Does anybody else think JW’s formula for calculating 1RM from a rep set gives too high a figure? Or maybe it’s to allow for the 1 or 2 reps ‘left in the tank’ as Jim doesn’r reccomend going to failure.

Use the formula on a 1RM and you get a figure of 3.33% more.
Maybe (Weight x (reps-1) x 0.333) +Weight would give a better answer?

(Yes I KNOW I’m over thinking it, I’ made that way! And I KNOW it doesn’t really matter which formula you use, its all about progressing.)

The coefficient is 0.0333 (just a typing mistake I suppose) and yes, your formula gives out your real 1RM when calculated with 1 rep. But on reps 2-10, who gives a shit? I just use it to compare weekly rep PRs and even the original one is good enough for that.

It’s 3,33%, why should it matter when your 1RM can fluctuate more than that depending on the day? And the formula is probably off more than that due to lift/personal variation, so it matters even less.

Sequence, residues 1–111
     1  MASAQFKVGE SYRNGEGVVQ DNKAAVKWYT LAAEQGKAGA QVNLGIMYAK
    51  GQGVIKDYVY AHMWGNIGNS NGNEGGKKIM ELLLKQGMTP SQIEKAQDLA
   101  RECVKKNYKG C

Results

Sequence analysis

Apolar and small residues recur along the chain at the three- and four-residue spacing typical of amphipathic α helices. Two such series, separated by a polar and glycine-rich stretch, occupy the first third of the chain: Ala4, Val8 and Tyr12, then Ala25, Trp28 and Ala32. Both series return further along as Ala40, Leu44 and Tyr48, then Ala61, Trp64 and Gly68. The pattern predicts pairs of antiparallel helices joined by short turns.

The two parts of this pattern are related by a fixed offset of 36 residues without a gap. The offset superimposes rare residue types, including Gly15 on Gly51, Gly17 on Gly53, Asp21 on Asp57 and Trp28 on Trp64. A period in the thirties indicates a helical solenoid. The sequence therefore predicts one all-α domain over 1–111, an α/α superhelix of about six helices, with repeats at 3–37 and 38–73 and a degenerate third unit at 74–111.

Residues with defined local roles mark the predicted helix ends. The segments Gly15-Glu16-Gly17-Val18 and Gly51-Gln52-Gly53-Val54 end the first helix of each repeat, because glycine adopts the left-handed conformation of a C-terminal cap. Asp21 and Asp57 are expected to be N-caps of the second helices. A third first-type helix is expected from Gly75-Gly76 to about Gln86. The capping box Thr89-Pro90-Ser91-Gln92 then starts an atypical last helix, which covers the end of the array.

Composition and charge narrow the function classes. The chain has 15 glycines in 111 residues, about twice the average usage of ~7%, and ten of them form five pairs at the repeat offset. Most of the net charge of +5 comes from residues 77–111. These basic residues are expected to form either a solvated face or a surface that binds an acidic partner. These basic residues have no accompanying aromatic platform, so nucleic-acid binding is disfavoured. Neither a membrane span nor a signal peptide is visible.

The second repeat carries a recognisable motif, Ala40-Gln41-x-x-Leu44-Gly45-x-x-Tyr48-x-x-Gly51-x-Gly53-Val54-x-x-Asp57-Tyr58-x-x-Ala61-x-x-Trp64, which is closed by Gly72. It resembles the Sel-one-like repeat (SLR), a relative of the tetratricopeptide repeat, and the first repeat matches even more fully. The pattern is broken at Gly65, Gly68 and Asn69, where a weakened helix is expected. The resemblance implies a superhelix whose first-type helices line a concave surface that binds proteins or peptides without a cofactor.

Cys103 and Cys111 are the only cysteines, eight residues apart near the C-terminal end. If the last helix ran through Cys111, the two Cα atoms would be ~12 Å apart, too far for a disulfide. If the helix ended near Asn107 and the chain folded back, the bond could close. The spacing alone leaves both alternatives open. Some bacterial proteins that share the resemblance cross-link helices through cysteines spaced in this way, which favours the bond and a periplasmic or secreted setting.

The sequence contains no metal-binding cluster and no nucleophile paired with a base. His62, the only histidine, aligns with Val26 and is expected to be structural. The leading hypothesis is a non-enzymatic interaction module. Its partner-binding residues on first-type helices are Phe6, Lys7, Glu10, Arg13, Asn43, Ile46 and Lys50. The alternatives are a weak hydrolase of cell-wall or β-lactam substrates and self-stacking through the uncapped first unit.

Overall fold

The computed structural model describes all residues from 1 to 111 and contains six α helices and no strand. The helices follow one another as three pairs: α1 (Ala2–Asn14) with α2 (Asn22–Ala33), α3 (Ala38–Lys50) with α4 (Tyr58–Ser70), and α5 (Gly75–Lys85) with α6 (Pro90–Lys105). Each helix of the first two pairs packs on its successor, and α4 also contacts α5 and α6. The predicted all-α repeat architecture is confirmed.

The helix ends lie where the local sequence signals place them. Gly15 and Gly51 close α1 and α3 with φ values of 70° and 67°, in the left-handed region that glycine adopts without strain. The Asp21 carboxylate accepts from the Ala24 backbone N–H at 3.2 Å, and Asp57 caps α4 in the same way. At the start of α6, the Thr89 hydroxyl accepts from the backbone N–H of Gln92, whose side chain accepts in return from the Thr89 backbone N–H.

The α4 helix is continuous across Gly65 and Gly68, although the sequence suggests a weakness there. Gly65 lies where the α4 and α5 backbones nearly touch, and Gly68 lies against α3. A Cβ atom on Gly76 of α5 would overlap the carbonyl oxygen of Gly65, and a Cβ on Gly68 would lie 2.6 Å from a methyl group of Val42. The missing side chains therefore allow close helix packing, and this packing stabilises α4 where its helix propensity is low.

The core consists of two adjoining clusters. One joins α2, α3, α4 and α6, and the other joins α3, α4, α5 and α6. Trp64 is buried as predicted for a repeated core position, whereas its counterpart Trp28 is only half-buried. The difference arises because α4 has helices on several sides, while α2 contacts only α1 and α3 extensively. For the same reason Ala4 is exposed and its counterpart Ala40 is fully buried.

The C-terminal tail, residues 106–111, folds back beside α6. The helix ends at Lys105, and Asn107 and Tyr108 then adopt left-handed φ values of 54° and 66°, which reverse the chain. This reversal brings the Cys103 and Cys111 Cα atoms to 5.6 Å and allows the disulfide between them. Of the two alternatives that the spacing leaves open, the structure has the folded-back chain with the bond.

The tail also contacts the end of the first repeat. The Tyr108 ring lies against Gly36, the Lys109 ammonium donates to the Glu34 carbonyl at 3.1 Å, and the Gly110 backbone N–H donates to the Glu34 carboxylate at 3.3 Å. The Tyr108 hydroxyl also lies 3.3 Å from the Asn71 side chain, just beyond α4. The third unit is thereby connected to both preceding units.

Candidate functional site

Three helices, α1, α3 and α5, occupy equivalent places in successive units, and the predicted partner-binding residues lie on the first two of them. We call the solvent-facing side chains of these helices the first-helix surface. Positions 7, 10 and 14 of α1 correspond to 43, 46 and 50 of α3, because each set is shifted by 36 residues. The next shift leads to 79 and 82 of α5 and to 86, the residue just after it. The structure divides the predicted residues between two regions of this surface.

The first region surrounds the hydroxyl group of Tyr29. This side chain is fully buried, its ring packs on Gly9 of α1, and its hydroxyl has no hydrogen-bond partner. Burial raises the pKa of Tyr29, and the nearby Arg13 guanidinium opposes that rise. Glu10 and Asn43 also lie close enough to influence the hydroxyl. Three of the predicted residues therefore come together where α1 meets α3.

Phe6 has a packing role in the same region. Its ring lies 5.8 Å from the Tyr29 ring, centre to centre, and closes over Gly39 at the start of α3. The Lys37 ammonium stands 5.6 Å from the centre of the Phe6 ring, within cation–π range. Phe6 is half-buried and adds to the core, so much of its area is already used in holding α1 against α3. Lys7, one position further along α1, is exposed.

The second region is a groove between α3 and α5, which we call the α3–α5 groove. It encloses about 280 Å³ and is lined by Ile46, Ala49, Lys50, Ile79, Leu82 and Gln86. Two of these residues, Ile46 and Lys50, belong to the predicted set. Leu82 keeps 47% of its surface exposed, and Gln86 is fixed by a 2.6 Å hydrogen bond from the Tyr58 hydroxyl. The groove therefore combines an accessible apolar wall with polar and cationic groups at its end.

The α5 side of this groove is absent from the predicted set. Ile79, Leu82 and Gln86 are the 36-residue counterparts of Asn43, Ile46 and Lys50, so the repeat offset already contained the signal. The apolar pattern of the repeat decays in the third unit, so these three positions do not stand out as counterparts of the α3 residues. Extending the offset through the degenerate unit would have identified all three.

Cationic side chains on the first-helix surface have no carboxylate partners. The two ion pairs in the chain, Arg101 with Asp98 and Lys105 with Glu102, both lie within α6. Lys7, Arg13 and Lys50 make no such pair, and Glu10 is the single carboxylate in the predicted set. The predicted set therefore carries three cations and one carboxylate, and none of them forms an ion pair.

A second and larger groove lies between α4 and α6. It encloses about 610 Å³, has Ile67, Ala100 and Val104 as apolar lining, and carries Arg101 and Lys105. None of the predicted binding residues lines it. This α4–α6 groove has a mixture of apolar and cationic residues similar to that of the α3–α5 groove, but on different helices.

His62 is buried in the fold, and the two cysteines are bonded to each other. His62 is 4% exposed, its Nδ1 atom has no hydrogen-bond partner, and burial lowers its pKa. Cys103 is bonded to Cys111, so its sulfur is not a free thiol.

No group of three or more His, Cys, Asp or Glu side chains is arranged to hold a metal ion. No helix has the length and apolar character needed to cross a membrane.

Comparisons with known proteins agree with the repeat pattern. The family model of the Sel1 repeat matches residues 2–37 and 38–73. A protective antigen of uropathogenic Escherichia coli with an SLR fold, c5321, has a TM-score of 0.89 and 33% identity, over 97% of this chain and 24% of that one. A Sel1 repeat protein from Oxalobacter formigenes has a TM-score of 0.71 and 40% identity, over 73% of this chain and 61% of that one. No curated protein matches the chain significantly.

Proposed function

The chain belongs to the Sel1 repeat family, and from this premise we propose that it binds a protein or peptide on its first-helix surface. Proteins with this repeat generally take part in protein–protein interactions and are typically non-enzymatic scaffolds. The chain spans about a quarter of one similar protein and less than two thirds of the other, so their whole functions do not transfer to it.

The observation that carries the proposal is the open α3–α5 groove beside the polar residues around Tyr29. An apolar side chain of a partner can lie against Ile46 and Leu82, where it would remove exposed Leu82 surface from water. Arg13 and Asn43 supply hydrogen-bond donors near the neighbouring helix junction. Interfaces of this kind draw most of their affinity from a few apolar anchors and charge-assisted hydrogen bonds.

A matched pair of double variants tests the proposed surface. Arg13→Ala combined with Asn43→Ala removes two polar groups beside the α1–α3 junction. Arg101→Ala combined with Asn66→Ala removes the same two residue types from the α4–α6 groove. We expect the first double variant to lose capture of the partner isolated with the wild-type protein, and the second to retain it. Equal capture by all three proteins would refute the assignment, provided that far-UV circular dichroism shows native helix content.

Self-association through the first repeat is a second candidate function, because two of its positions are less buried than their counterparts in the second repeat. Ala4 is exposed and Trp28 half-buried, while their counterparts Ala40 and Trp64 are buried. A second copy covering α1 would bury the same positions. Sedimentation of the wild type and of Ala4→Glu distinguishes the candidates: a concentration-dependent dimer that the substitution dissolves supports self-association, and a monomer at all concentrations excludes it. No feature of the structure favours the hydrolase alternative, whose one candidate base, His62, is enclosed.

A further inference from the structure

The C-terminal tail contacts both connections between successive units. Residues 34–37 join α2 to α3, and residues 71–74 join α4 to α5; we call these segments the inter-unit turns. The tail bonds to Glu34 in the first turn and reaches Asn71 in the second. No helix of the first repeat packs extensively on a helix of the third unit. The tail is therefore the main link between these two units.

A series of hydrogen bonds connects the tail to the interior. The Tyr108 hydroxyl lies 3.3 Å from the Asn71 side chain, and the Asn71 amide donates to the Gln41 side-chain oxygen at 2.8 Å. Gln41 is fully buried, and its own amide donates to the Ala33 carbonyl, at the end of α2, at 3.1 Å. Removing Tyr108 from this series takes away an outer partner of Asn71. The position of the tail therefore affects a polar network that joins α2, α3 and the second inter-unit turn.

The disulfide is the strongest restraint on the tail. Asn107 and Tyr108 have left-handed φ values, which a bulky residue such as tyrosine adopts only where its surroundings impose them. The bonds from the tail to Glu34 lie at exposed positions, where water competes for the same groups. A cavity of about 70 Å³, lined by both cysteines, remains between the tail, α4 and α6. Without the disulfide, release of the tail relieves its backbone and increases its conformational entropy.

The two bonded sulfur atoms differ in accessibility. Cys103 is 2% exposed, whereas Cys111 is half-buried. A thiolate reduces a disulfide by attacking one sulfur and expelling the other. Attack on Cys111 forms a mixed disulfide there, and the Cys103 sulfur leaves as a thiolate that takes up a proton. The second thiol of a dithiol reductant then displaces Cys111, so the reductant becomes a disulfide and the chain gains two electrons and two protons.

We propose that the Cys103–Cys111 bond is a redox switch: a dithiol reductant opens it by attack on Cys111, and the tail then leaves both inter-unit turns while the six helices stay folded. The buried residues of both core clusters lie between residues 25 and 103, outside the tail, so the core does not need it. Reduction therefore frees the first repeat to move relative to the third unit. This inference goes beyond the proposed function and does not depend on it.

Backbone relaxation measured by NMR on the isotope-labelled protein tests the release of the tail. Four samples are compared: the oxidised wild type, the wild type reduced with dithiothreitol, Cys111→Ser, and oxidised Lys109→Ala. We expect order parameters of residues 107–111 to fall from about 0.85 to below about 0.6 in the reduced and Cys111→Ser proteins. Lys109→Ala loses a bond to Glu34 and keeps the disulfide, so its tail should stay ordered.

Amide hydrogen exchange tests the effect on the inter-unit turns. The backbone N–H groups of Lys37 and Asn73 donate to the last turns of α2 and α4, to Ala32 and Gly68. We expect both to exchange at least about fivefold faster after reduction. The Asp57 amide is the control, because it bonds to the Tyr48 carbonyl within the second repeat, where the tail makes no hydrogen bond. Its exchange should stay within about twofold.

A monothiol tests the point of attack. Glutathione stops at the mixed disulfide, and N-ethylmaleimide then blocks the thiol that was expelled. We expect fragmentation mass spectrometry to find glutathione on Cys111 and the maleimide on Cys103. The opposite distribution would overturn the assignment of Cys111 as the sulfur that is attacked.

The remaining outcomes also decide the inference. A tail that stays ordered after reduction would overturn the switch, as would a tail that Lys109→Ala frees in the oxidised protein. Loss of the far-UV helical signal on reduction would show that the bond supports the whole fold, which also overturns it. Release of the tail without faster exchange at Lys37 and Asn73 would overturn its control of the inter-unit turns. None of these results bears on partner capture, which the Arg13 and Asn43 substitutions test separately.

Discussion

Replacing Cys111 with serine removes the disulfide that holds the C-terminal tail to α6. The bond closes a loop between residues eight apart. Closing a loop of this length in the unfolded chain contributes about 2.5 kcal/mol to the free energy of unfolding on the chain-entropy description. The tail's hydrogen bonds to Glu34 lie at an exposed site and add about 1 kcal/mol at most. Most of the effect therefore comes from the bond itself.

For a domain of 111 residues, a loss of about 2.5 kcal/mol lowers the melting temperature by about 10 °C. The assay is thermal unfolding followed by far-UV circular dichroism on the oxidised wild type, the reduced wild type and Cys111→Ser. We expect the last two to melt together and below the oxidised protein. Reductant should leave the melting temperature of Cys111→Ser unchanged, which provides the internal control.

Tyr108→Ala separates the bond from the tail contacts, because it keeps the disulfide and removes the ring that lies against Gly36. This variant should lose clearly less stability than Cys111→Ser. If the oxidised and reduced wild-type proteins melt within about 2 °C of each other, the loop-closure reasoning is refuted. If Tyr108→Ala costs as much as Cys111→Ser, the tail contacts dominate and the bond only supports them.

Some can, on a given lift, do 10% more weight for a single than they can for a triple.

Others – this would not be common in PL’ers, but in general – may bomb a weight only 3% higher than their 3RM.

If Wendler’s formula (I haven’t read his e-book, only articles, and so don’t know) is intended to help plan the training program, then the question becomes whether the formula is in fact useful for most users for that purpose. I expect that it is, if that’s the purpose, else Wendler wouldn’t have published it.

But, if it is intended to provide a guess as to what 1RM may be as judged from work at more than 1 rep, but still a low number of reps, then like all such formulas it can only approximate and provide a probably-reasonable guess that usually won’t be drastically far off.

Its away of comparing different weight for different reps and finding which correlates with the best thearetical 1RM.
i.e. is 200kg x 5 reps an improvement on 180kg x 8 reps (JW’s formula says yes).